Rum: A Social and Sociable History of the Real Spirit of 1776

Rum: A Social and Sociable History of the Real Spirit of 1776

by Ian Williams


View All Available Formats & Editions
Use Express Shipping for guaranteed delivery by December 24

Product Details

ISBN-13: 9781560258919
Publisher: PublicAffairs
Publication date: 08/28/2006
Pages: 368
Product dimensions: 5.62(w) x 8.50(h) x 0.87(d)

About the Author

Ian Williams is The Nation magazine's UN Correspondent and the author of DESERTER: George Bush's War on Military Families, Veterans and His Own Past. Since becoming interested in rum he has amassed a collection of "rumabilia;" books, pamphlets, prints, advertising ephemera, bottles and decanters, hundreds of rum labels from all over the world, and not least, a growing collection of rum, from Croatia to Thailand, from Kazakhstan to India, from Hawaii to Argentina. Williams lives in New York City.

Customer Reviews

Most Helpful Customer Reviews

See All Customer Reviews

Rum: A Social and Sociable History of the Real Spirit of 1776 4 out of 5 based on 0 ratings. 3 reviews.
addict on LibraryThing 26 days ago
The Nation's Williams (Deserter: Bush's War on Military Families) offers a spirited¿if rambling¿discussion of the history and spread of rum, from the field-side stills of 17th-century Barbados to the scientifically calibrated factories of modern multinationals like Bacardi. His main point? That the "role of rum and drink in both causing and effecting the American Revolution has been filtered out" of our history books. Williams details the mechanics of the pre-Revolutionary triangles of trade: African slaves for the Caribbean sugarcane plantations were purchased with rum distilled in New England from Caribbean molasses. He deftly describes how the American colonists evaded British taxation of rum-making supplies, and relishes the notion of our patriotic forefathers as a bunch of rum-sozzled smugglers. His other discussions¿on the use of rum rations by various countries' navies, the production of rum in other parts of the world, the efficacy of Prohibition and his own rum-tasting forays¿are less focused. Readers also may tire of Williams's tendency to overwork the liquor metaphor: "cultural alembic," "heady cocktail," "good spirits," "the equation in a small tot," etc. 10 pages of b&w illus. not seen by PW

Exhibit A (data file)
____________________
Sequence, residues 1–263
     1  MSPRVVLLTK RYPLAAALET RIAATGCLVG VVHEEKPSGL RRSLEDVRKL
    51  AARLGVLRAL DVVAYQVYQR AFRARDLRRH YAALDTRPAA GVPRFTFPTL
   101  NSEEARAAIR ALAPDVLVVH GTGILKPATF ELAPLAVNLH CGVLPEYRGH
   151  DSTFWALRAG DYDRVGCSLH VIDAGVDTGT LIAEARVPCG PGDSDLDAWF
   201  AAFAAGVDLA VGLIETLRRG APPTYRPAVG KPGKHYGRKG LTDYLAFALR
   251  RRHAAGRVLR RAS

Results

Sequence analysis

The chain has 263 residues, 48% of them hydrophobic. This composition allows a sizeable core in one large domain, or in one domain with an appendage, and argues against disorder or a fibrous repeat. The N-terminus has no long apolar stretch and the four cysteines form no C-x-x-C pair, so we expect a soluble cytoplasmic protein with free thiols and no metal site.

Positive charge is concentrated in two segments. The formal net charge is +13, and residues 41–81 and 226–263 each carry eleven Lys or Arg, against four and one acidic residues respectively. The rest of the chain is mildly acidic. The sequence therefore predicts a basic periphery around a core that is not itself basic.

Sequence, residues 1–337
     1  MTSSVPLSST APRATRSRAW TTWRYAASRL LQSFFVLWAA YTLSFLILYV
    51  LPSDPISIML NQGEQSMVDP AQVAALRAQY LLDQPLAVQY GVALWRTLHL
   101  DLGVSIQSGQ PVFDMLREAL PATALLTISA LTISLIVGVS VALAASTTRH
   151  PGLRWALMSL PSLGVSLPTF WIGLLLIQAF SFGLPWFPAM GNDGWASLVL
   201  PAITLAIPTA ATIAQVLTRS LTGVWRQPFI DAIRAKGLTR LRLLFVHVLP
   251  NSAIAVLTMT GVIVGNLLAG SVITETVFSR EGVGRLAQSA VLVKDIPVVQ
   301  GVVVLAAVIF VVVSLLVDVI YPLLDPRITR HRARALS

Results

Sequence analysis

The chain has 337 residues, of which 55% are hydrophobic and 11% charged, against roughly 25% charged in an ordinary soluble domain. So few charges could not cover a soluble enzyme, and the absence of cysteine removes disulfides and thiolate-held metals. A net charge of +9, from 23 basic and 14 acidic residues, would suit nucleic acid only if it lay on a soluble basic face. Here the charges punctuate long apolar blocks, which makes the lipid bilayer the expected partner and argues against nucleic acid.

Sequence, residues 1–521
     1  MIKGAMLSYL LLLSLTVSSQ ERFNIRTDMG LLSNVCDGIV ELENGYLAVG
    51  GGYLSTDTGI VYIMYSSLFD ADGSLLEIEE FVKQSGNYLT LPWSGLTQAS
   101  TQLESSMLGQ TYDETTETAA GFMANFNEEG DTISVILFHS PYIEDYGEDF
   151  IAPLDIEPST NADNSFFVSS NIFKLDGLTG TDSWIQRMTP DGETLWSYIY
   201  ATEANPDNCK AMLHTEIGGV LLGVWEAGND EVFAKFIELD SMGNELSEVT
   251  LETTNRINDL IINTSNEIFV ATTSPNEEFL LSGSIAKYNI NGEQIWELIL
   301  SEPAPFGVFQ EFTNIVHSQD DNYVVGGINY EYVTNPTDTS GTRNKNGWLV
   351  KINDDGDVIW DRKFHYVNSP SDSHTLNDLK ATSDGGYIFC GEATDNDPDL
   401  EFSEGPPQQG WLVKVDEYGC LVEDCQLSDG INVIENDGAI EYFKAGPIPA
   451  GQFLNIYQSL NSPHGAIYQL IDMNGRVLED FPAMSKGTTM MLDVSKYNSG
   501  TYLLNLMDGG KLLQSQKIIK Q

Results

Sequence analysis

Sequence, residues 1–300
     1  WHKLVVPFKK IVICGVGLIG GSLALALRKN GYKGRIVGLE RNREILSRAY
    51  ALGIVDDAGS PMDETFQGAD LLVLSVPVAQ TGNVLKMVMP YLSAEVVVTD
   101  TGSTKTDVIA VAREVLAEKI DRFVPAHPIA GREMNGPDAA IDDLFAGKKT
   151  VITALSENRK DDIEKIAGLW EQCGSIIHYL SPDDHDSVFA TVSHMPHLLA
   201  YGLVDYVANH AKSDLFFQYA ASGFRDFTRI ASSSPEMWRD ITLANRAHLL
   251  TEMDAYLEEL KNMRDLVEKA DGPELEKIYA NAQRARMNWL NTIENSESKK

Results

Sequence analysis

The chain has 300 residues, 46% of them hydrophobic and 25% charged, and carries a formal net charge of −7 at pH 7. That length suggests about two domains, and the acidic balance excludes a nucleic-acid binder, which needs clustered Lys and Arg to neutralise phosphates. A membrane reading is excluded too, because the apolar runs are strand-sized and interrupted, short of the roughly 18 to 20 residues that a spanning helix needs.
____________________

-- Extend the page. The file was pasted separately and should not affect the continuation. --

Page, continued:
Anonymous More than 1 year ago
Hill_Ravens More than 1 year ago
A historical view of Rhum from the first recorded reference to the liquor to the present day monopolies and struggles in the industry. All history books should be written in a similar manner to this book for better retention and insight in to history. The short stories and personal accounts captured in the book make the rise, fall and flat line of rum very entertaining and enjoyable. In some instance the book takes many political jabs which are not necessary to the overall expression in rum's history. It was fascinating to read about taxes, tariffs, trade wars and overall human trafficking which is a deep part of the rum legacy. There are several interesting historical tid bits and opinions gleaned from the facts available which made the book hard to put down sometimes. there is a lot of discussion about all the steps needed to make rum, why some countries are better suited for the market of rum, and what truly distinguishes one rum from another in today's market. It is a quick, fun read about history in general and the creation of rum. B